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Houston Safe Rooms

What is a Safe Room or Panic Room?

A safe room is an access controlled, fortified or “hardened” room (walk-in-vault) where you and your family members can go, quickly sealing the door behind you and remaining safe until police or law enforcement officers can assist in clearing the premises.

These rooms are quickly becoming a standard design in new, larger homes and a common retrofit in existing homes, where business owners and executives want to provide a safe area for family members to gather in the event of a break in or home invasion. Combined with alarm activated roll-down walls, your family or, in a commercial application, employees will have additional time and opportunity to get to a secure location.


Commonly located in or off of the master bedroom closet, newer designs are incorporating multiple paths from other bedrooms to a small closet sized room with protected walls, ceilings and floors. Additionally, safes, weapons and vaults can be located in or connected to a safe room so that access is protected.

The doors are usually steel or hardened and re-enforced to prevent someone from breaking through or shooting into the room.

A single button activates access and automatic closure and can only be opened from inside or by electronic access on the outside. The outer walls are either steel plate and plywood or concrete block with steel re-enforcement to make them bullet and battering ram proof. Options may include:

  • Access doors behind bookshelves, faux walls and under stairwells.
  • Bullet proofing fabric or steel
  • Waterproofing
  • Separate ventilation systems and air infiltration
  • Battery backup powered lights and power supply for communication and camera system
  • Cameras to view activities in and outside the home. Interior cameras should be covert.
  • Hidden roll down walls to protect additional areas of the home
  • Electric toilets for longer duration stays for severe weather or standoffs
  • Noise deterrents – Sound generating devices that make it physically impossible to remain in the home

There is usually phone, cellular and backup communication, back up power and other options to keep you in communication with law officials. Additionally, lights and sirens can selectively be activated to alert neighbors and passerby’s. For longer duration stays AND in the event of hurricane’s and tornado’s, an accessible water supply and toilet is necessary.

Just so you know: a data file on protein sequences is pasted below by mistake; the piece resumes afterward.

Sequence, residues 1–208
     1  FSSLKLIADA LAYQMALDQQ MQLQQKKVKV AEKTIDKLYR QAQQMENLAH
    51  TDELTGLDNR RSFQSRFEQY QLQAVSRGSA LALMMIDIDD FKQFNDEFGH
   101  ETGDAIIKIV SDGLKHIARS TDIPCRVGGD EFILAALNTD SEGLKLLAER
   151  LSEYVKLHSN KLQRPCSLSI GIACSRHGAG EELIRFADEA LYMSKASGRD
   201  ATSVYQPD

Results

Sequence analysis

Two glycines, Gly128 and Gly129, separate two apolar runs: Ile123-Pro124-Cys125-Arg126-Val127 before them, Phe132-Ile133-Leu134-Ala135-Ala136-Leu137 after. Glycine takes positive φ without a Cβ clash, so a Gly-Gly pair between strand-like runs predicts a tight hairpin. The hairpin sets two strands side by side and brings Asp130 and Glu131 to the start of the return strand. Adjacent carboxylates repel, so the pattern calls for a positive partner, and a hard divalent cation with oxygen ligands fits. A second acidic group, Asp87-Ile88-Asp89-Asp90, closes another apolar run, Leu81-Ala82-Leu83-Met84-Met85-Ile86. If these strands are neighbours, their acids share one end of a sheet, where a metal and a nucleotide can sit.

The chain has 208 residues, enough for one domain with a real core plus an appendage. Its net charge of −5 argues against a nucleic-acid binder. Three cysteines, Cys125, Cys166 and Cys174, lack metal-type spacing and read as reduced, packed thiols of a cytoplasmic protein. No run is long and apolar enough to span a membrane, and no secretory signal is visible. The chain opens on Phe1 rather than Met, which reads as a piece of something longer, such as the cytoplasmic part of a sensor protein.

Secure Safe Core Concept

When it is impractical to provide access to a safe room for all occupants of a residence, the Safe Core concept comes into play. Safe Cores are areas of the house most commonly occupied that can be “Shut Off” from access when a threat is recognized or alarm systems are activated.

One example is to shut down access to the second floor when the alarm is activated. Using a non-evasive design, the top of the stair case can be secured in seconds using a drop down gravity barrier that locks. This would prevent access to the bedrooms on that level from within the house. Second floor access and windows need to be reviewed to assure this design can be implemented.

Optional Closed Circuit Surveillance Camera’s provide views of the exterior and interior of the residence to assist in the location of the intruders.

Pre Alarm System

Electronic devices can provide “pre alarm” notification to the home occupants. From driveway sensors, Infared Photo beams, exterior camera’s with motion activated alarm outputs, all allow a pre-alarm activation to alert of a possible threat. If your home’s compound is fully fenced, then electronic penetration detection systems can provide those few extra seconds needed to get to the safe area(s).

These systems can also communicate with systems to turn on additional lighting, activate strobes, activate voice drivers to warn off intruders or lock electronic locks securely on all exterior doors. If you are planning a new residence, these designs can be incorporated in the design to save additional time and cost in installation.

Although a good panic room should be used for only a few minutes until help arrives, some have additional features for longer stays, including electric toilets, water supplies and propane gas operated refrigerators.

Once you have created a safe room in your home, remember the following:

Create a family plan for when and how to use the safe room

Keep your perimeter security system active whenever possible.

Have non-threatening drills with young children

Stock the safe room in advance with emergency supplies

If possible, have a trickle charge UPS for power and light or buy some battery operated stick up lighting.

Assume power and phone lines will be cut, so have a dedicated cellular phone in the room and keep it charged. Buy Purchase a pre-paid Walmart phone to avoid monthly bills..

Call the police and confirm your security monitoring company also called.

Refuse to come out of the safe room until police arrive

Remain calm…remember it’s not a panic room, it is a safe room.

Commercial & Industrial

Provide your staff secure passage to a safe “zone’ and reasonable security from the general public or disgruntled employees. Start with your public access areas, protecting receptionists, management and executives.

When considering the benefit of such a room for your business or executive offices, be sure you also enhance your existing electronic security system with backup cellular communication and additional perimeter security.

Any device allowing early detection of a threat can increase the time allowance to get to safety. In a gated, fenced area, this “pre-alarm” feature can provide several seconds head start. Conference rooms can be quickly converted to a secure mustering point.

Please read my blog on safe rooms above for additional information.

Call me if you have any questions.


Steven Carr

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